Let’s face it, OLED TVs are expensive. They’re worth it for true home cinephiles, but can you sneak by with a bargain OLED like the LG A1 and still get the same experience?
LG has the new A1 and C1 OLEDs out, with the former a little cheaper. But should you buy it?
Luke Hopewell is a gadget veteran of over 10 years. He’s reviewed over 100 TVs in his time, and been to the magic factory where they’re all made. He’s lost more remotes than he’s found, and if you ask him nicely, he’ll tell you how tech companies get tech writers to review TVs…
What is the LG A1 OLED?
The LG A1 is a new 4K OLED model LG has introduced for 2021.
It has a new design, with a slimline panel and a footed stand that allows you to see through the bottom of the panel, for a cleaner design.
It comes in three sizes, ranging from 48-inches, through to 55- and 65-inches at its largest spec.
It’s an LG OLED, so the picture is gorgeous. It supports Dolby Vision iQ and Dolby Atmos for incredible picture and sound, and comes with a 20W sound system built in.
What is the LG C1 OLED?
The C1 is the latest 4K OLED flagship from LG. And more or less, it does it all.
It comes in sizes starting at 48-inches, going up through to 55-; 65-; 77-, and a whopping 83-inches.
It looks a little dated compared to the LG A1. The C1 harkens back to the designs of C-models gone by. With a neat little wave-stand as opposed to a footed stand and a little 1cm bezel, it’s a throwback.
It can, however, still be wall-mounted like the A1. Provided, of course, you have something you can do about the cable mess you’re likely to get running down your wall.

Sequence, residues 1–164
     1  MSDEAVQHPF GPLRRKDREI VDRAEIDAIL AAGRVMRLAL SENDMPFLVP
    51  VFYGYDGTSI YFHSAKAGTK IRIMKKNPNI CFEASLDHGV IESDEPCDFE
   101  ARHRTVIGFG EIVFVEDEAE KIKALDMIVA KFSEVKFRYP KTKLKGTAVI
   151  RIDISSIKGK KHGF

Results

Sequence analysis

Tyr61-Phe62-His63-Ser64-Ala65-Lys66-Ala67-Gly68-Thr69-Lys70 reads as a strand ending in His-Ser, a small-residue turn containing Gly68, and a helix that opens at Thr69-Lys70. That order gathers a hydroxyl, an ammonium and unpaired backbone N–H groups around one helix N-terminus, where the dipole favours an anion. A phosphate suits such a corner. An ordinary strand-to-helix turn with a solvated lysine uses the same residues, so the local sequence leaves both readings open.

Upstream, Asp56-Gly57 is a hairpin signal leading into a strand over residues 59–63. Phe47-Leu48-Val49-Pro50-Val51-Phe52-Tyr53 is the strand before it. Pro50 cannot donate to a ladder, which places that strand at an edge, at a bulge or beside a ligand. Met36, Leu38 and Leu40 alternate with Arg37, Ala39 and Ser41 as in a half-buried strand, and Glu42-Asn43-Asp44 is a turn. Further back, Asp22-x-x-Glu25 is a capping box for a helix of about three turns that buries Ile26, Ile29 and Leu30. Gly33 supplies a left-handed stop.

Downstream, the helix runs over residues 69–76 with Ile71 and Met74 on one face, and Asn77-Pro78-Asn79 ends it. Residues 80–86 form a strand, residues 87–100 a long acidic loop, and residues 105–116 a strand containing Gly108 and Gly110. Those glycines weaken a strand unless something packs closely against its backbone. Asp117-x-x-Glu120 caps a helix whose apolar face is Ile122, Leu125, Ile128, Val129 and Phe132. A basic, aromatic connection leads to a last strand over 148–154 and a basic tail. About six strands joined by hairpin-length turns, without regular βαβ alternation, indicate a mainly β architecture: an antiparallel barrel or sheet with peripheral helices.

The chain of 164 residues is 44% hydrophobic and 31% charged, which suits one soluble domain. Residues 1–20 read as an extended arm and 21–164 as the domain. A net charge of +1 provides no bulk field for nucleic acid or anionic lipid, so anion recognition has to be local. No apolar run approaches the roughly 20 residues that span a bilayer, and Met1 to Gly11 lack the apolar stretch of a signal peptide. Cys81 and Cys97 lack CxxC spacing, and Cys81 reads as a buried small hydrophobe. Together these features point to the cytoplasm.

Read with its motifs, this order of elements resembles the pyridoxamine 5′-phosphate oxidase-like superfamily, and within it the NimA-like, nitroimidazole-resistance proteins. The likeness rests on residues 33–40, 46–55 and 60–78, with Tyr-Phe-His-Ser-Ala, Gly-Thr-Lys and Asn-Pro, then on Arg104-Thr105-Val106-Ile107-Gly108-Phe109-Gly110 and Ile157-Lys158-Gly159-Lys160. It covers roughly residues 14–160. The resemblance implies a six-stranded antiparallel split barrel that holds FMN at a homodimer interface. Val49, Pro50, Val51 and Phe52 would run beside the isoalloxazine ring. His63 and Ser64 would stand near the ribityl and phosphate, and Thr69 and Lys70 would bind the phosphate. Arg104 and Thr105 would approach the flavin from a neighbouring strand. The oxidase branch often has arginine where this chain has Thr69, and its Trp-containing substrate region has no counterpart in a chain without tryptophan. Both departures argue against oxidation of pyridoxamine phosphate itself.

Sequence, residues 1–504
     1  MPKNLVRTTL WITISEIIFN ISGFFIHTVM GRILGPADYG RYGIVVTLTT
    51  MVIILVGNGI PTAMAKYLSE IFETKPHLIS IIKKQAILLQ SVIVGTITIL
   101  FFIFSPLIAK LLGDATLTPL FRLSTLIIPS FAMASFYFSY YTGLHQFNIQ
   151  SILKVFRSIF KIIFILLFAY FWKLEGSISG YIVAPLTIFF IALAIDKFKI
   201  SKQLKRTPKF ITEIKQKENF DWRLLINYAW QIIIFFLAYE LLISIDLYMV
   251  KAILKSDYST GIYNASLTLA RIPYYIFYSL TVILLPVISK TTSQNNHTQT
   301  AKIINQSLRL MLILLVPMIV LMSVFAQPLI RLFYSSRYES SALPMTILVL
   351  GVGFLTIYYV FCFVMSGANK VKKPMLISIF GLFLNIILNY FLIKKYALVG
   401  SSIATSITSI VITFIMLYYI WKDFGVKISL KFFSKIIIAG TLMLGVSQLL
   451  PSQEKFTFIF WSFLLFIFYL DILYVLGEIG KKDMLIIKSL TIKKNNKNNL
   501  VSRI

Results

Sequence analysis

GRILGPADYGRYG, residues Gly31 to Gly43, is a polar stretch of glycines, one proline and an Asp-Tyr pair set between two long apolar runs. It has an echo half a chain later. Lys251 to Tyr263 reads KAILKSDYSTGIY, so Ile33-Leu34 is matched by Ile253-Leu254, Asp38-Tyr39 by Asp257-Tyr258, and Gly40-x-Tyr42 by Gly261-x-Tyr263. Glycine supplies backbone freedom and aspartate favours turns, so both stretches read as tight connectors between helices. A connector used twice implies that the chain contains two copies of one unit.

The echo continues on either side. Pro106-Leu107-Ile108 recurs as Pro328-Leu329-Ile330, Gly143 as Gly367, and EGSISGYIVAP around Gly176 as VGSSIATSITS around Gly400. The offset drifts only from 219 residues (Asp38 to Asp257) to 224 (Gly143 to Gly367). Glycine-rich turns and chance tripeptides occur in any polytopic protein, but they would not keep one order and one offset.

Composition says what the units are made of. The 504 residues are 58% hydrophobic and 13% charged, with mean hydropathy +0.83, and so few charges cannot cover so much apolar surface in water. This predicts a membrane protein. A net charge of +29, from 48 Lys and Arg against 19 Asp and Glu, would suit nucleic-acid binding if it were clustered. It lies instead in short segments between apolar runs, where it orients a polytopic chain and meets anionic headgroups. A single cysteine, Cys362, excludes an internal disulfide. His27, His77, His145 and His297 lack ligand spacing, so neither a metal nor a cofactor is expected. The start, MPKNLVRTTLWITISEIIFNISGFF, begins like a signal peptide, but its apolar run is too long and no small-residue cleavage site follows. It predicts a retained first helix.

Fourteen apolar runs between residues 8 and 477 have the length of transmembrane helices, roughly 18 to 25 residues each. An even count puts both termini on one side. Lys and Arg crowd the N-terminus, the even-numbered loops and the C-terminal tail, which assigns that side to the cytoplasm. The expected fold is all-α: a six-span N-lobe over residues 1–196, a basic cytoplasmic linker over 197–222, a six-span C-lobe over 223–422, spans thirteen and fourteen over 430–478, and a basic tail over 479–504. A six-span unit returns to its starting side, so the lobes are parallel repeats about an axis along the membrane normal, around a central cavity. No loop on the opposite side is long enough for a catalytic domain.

My advice there is to either drill through your wall to create a hidden channel, or screen it off with some cable cover from the hardware store.
LG C1 vs LG A1 OLED: what’s the difference?
The list of things the C1 has over the A1 isn’t short, however.
First things first: it has a newer processor.
Whereas the A1 packs the Alpha 7 processor, the C1 features the newer and smarter Alpha 9. You won’t notice the difference unless the two panels are side-by-side, but the Alpha 9 features a slightly smoother picture overall.
The Alpha 9 also gives you better gradation: the smoothness in an image’s transition between colours on the screen. You also get slightly better depth thanks to an image enhancer that recognises objects in the foreground and background of a shot.
Then there’s how the two TVs receive their content from your external devices.
Ports and Display
In terms of HDMI ports, you get four of them compared to the A1’s three. But, the ports on the C1 are HDMI 2.1 compatible.
This is important, because HDMI 2.1 as a standard does way more than simple HDMI 2.0.
HDMI 2.1 can support newer devices that require the panel to do different things, including stepping up the frame rate to produce a better image during action scenes, etc.
If you’re a gamer, this of particular importance. HDMI 2.1 is what you need to get the most out of consoles like the PlayStation 5; the Xbox One series and some newer graphics cards.